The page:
Peasant shirts are simple rectangles and there are tons of tutorials out there.    I used this tutorial from Teresa at Things of Cloth because I DON’T do math and needed a formula to use.  Other than her formulas, the rest was my own way of doing a peasant top.  However, her tutorial is EXTREMELY well-done and I highly recommend it if you don’t know how to make one.
I used my handy three-in-one styling design ruler to do the armscye and neckline.
Cut!!!  I loved the fabric–it’ was a very silky, soft, smooth, light coat lining that was absolutely perfect for a very light-weight top.
Instead of using the same fabric for the sleeves, I used the same lace that I used on the corse.  I also made the sleeves out of three separate pieces because I wanted them to be comfortable and voluminous ;).  Needless to say, I forgot, again, to take pictures of the rest of the top.  This was before I took my break because I was feeling overwhelmed–I hope you can forgive me πŸ™‚

And here is what we ended up with!   Jo wore a pair of my shoes that had a very victorian look and the color popped and really added to the whole outfit.  The next tutorial explains how I made the awesome button-hooks on the front and the mini top hat (my FAVORITE part of the whole outfit!)

I was invited to the wedding but, unfortunately, could not attend at the last minute.  However, the pictures I’ve seen are awesome and everyone looked so cool!  I would have loved a theme wedding πŸ™‚  Please check out the tutorial for the buttons and hat!  And, as always, if you are using my tutorials and have any questions at all, please ask!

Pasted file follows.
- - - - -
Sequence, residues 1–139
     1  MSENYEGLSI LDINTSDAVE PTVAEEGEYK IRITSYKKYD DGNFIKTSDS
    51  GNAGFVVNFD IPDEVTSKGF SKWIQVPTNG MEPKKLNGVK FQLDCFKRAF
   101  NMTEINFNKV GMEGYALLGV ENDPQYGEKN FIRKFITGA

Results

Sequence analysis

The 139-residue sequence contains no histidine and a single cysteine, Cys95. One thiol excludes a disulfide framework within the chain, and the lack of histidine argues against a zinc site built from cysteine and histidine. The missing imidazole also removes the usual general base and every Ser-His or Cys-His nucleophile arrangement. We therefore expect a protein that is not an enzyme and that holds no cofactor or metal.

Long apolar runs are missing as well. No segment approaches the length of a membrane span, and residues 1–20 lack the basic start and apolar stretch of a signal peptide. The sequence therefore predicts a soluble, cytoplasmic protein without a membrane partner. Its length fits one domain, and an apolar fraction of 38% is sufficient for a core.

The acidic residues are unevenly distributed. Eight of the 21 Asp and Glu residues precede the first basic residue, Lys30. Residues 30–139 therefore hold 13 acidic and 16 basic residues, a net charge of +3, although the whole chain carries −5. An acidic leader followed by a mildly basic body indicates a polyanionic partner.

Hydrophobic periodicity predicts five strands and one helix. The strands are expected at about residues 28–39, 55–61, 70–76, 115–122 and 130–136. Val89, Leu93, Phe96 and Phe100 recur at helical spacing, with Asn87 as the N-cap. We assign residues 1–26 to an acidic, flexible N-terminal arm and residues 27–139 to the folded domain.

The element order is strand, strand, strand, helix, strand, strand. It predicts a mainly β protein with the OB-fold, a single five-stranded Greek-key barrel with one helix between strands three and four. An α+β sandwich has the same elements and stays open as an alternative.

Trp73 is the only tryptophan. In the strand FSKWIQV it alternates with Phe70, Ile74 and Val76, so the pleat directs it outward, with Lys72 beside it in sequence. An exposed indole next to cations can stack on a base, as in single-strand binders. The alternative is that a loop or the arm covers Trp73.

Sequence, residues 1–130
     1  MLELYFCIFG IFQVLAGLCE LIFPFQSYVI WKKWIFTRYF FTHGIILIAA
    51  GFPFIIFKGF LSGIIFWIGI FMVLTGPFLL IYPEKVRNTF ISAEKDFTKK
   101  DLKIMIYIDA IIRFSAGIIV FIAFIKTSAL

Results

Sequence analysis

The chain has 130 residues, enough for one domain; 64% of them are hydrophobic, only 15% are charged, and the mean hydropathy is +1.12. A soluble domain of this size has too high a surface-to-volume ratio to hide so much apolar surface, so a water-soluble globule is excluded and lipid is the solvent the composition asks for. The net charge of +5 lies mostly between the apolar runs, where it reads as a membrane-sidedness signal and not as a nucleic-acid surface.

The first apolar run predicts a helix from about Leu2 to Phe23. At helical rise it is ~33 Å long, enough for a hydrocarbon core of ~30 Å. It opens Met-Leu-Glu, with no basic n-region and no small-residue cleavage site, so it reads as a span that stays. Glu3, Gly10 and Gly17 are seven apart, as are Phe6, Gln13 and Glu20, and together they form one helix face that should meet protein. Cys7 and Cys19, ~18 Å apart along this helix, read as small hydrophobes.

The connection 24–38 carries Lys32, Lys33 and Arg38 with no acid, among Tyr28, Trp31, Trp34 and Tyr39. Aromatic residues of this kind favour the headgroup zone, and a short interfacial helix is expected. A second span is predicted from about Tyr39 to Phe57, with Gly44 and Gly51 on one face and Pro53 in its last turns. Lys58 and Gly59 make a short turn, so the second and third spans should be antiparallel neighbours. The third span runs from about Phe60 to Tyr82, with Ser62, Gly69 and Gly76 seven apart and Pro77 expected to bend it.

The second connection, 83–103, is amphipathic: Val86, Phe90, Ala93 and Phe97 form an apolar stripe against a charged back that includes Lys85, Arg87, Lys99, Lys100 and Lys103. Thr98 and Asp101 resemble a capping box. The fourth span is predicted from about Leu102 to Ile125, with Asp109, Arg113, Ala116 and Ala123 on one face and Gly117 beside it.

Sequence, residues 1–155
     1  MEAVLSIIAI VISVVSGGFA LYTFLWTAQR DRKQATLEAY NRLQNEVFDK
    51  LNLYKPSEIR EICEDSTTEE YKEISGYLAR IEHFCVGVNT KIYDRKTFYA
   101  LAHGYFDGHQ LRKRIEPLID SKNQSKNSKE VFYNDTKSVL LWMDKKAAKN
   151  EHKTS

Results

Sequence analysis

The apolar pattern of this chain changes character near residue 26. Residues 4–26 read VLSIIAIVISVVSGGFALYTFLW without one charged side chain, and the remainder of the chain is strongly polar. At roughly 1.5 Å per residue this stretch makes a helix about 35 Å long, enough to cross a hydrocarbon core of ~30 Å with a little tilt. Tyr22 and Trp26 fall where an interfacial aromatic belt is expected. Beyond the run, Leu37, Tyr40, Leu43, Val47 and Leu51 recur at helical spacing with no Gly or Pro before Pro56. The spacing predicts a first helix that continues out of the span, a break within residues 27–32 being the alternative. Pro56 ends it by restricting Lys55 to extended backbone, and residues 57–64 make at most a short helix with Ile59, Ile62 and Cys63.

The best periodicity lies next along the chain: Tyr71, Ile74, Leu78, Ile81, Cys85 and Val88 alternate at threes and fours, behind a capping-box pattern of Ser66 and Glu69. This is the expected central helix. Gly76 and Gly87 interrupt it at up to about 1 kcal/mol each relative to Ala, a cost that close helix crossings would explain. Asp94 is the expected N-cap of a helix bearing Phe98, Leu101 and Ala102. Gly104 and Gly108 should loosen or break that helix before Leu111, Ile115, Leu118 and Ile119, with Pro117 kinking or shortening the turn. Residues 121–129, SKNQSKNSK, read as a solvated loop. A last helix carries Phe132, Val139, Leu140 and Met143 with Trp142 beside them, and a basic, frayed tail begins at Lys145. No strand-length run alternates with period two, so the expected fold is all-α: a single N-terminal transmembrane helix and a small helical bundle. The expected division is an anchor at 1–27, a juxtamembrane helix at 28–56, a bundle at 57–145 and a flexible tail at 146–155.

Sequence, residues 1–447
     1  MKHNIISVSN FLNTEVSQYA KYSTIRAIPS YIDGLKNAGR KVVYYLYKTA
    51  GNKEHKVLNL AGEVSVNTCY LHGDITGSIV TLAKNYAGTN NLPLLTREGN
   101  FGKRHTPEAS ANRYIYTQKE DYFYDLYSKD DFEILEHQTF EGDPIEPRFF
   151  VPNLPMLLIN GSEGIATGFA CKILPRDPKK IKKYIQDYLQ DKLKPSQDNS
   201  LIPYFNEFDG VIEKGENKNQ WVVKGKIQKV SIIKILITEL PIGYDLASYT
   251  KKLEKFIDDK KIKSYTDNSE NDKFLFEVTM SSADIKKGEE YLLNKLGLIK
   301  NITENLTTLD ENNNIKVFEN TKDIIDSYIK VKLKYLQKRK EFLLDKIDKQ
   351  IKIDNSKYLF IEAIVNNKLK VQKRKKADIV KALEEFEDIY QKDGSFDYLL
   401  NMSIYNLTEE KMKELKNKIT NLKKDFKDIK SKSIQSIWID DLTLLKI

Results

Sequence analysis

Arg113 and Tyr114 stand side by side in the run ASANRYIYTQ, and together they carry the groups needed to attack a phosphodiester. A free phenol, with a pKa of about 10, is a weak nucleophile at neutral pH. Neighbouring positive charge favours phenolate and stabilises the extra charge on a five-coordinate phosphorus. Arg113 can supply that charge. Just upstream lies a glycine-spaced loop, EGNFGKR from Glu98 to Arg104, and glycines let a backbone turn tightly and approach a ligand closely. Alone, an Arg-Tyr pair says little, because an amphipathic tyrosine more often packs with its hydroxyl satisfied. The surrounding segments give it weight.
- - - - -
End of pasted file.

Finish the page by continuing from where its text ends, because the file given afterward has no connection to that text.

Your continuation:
Thanks for reading!

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32 thoughts on “The Steampunk Bridesmaid, Part II: Finishing the Clothing

  1. OMG,gorgeous and stunning are not even words to describe. Amazing to say the least. I love the color, the structure and all the detail. What a wonderful and thoughtful friend to make such a beautiful, artistic garment.

    1. Thank you so very much–I’m humbled by all of the wonderful feedback! I’d love to link up, and I’ll add you to my party list πŸ™‚ Thanks for stopping by to check it out!

    1. Thank you so much!!! I just love your blog, so it’s an honor to be featured πŸ™‚ Thank you for checking out my project, hosting, and for the feature! Have a great weekend!!!

    1. It’s been a lot of practice and trial and error πŸ™‚ Thank you so much, and thank you for taking the time to stop by and check it out!

    1. You should totally give it a try–not as much difficulty as it was being as exact as possible and taking time. I’d love to see what you do πŸ™‚ Thank you for coming by!